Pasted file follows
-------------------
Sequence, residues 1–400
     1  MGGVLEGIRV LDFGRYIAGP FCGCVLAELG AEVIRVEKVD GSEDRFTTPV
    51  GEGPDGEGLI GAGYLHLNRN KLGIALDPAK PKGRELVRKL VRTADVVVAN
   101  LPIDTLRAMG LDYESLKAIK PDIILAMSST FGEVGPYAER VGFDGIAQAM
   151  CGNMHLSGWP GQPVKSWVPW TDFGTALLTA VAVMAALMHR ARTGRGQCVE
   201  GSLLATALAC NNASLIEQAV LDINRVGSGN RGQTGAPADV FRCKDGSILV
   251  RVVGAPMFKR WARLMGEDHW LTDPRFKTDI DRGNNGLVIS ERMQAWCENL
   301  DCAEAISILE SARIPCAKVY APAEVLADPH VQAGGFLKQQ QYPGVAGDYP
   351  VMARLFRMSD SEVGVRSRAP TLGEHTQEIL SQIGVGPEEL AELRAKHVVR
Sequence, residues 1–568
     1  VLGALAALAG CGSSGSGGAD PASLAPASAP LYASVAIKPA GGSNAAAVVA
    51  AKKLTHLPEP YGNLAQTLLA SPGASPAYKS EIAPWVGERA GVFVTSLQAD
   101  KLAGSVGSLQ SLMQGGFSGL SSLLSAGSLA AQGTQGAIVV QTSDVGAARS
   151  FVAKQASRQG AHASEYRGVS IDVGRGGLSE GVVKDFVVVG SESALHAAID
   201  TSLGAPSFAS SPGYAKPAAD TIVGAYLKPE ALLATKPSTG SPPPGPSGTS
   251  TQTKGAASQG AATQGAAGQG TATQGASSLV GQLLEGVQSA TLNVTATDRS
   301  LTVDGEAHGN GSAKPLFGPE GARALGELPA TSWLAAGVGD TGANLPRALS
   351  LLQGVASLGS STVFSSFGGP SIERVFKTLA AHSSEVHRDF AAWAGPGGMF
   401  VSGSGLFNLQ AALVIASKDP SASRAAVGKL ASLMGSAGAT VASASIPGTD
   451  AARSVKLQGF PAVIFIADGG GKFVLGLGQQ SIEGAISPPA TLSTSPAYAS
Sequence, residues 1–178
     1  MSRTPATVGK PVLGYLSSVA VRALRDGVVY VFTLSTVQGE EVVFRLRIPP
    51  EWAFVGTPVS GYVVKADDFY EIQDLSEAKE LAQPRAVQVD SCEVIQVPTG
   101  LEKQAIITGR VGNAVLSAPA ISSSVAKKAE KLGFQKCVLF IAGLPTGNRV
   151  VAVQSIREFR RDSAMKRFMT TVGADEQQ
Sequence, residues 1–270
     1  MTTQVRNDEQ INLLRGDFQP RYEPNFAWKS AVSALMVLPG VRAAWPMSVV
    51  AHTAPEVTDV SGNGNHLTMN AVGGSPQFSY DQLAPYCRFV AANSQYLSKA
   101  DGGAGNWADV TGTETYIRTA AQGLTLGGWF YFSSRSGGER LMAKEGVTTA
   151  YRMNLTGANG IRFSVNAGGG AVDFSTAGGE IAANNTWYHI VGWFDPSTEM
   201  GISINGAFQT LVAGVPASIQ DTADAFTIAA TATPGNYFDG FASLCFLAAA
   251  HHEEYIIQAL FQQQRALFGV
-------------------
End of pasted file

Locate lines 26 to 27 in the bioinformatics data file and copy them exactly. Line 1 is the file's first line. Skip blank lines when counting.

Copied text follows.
Sequence, residues 1–270
     1  MTTQVRNDEQ INLLRGDFQP RYEPNFAWKS AVSALMVLPG VRAAWPMSVV